How to use website strategy to rise to new heights

July 21, 2016

Websites are often likened to field of architecture, whether in describing content organization (i.e. site architecture) or the act of “building a website” akin to that of a structure.

Two of America’s greatest architects opined on the concepts of form and functions. Louis Sullivan, the "father of skyscrapers," suggested “form ever follows function.” While Frank Lloyd Wright, "the greatest American architect of all time,” on the other hand responded with “Form follows function - that has been misunderstood. Form and function should be one, joined in a spiritual union.”

Inquire with either of these masters and they would undoubtedly say you need to understand the purpose, function, and intended audience before you can focus on appearance. So why is this not the norm in website design and development projects?

photo of Chicago's Auditorium Building with text Louis Henry Sullivan said form ever follows function

Stephen and I have been leading website development projects for close to twenty-five years between us. For the longest time, we trusted when a client brought us the plan for a project, they had spent extensive time analyzing data and formulating a plan.

Too often we met with prospects with a clear (or not so clear) vision of what they wanted their new website to look like, but couldn’t articulate its purpose, or even what organizational problems it was intended to solve.

It eventually dawned on us that many didn’t have a solid grasp of what they needed their website to do to support their organization’s mission and goals. Maybe they thought we would use our “magic server dust” to make their website successful? Is there a Photoshop filter for that?

Sketch of the Falling Water house with text Frank Lloyd Wright said Why, I just shake the buildings out of my sleeves.

Unfortunately, we often didn’t know enough to best recommend solutions, which lead us to asking increasingly more and more questions.

Through years of experience working with clients developing websites to overcome organizational obstacles we have refined a process for gathering critical information. By determining what the website needs to do, we can design a blueprint to build a website with measurable success.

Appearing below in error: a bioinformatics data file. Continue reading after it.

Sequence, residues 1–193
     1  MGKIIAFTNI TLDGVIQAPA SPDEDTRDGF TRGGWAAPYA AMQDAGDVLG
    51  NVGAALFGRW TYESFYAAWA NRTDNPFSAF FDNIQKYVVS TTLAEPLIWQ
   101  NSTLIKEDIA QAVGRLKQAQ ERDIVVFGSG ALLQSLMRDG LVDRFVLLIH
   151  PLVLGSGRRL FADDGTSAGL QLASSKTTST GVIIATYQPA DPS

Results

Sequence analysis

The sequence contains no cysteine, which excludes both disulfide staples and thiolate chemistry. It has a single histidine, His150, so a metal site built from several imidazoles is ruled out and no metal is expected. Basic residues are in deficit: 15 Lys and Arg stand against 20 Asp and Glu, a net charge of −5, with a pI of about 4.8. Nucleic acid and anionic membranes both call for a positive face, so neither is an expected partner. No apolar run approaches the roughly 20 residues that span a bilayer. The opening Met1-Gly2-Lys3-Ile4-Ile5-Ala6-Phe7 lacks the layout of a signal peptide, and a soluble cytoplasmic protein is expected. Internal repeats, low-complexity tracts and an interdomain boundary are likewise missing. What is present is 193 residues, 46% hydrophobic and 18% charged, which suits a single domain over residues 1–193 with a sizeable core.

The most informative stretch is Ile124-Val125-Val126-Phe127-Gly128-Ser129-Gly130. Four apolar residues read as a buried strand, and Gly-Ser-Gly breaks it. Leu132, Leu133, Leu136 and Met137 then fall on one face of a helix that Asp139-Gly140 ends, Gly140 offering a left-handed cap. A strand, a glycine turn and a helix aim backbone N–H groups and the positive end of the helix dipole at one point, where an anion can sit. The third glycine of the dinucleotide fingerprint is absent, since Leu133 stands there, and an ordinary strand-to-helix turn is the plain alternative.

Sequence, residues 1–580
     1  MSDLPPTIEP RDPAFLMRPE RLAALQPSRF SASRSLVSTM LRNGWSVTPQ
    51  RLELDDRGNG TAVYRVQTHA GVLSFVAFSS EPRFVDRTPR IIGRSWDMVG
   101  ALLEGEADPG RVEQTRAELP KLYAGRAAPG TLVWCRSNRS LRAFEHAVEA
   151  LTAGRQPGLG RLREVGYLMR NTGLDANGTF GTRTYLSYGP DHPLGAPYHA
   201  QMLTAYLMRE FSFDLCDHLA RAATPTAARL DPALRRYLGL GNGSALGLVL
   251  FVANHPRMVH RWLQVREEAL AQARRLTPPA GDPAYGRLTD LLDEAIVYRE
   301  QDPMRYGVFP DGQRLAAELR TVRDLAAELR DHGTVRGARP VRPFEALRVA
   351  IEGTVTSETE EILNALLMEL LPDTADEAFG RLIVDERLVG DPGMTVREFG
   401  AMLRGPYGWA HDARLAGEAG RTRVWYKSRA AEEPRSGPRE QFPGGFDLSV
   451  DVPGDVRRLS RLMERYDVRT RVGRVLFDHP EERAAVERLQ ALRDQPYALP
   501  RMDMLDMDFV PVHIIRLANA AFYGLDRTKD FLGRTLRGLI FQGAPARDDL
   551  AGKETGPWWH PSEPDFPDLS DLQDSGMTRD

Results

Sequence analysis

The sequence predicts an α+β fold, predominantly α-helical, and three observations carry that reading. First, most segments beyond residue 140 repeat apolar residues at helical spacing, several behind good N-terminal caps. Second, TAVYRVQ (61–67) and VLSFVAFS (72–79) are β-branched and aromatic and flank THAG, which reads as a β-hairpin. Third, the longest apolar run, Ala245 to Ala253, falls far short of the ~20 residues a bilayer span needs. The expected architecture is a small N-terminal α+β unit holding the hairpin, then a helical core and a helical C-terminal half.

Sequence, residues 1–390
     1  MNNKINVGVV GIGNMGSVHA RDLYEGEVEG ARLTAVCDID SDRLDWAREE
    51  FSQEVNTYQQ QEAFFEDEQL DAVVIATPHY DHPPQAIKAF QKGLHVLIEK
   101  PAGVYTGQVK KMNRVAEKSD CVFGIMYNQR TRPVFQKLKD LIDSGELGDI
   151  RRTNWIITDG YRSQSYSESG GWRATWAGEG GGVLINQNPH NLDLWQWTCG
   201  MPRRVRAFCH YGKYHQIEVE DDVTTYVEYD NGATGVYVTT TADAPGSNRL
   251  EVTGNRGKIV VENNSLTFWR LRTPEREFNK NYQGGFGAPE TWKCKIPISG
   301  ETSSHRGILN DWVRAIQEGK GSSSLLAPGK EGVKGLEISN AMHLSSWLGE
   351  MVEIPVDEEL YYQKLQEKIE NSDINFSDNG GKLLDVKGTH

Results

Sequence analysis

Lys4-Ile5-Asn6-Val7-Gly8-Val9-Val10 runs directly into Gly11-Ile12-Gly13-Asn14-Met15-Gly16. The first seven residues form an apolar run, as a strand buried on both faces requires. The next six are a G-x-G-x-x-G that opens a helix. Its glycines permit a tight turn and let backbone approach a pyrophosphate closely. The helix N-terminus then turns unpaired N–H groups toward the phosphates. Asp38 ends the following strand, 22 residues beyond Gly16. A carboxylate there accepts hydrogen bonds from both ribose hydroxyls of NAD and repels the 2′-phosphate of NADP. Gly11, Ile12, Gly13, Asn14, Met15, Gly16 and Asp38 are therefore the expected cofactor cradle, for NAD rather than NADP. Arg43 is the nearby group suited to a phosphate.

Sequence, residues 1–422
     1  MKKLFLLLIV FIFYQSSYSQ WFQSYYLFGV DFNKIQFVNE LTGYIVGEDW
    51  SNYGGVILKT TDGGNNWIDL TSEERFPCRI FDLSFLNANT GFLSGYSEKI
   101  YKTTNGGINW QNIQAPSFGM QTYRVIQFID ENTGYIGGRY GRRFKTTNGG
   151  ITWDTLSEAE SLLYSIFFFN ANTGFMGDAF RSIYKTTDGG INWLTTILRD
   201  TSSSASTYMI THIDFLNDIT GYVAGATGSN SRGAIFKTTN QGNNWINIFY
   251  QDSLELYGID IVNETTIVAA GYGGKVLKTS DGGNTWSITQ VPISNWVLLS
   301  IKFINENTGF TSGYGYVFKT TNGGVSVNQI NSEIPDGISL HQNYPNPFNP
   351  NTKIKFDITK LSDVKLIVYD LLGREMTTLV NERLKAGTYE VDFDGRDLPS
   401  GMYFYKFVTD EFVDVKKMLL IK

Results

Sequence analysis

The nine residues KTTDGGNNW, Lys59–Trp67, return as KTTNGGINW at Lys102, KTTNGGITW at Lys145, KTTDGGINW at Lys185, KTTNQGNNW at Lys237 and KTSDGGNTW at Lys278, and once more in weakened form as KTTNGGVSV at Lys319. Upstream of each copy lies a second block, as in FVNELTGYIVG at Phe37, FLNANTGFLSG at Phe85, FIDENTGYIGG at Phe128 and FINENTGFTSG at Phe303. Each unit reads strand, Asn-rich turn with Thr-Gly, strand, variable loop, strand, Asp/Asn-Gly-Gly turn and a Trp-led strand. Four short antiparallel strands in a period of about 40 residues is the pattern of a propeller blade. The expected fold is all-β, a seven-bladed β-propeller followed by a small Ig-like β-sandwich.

We originally started with four basic questions:

  1. What are your organizational goals?
  2. What are the obstacles preventing you from achieving these goals?
  3. How can we apply to technology to overcome these obstacles?
  4. How will we measure success?

The idea was for our clients to provide us with the answers to the first two questions, and we would collaborate to answer the second two.

I’ll admit we aren’t a strategy agency, and are pleased to work with clients that either have organic strategy resources at their disposal, or contract with specialists. For others, we feel obliged to work with them to identify both the obstacles the website needs to overcome, as well as the metrics they will use to determine success.

For example, if a non-profit client needs to increase donations, and hopes to see an increase of 25% within six-months, we need to know this at the start of the project, so we can build the site around fulfilling this goal. It is unfair to us to come back six months after deploying the project asking why donations haven’t increased, if this was never shared with us.

We have recently refined our process with additional questions to help our clients answer the vital questions necessary for a successful project. Curious? We presented our new process before nearly one-hundred people in a packed room at at Drupal GovCon 2016 in Bethesda, MD yesterday. If you missed it, never fear. You can check out the slides below.

Is your website supporting efforts to overcome your organization’s obstacles? If not, please contact us and ask how we can apply our documented process to build a website that helps your organization rise to new heights.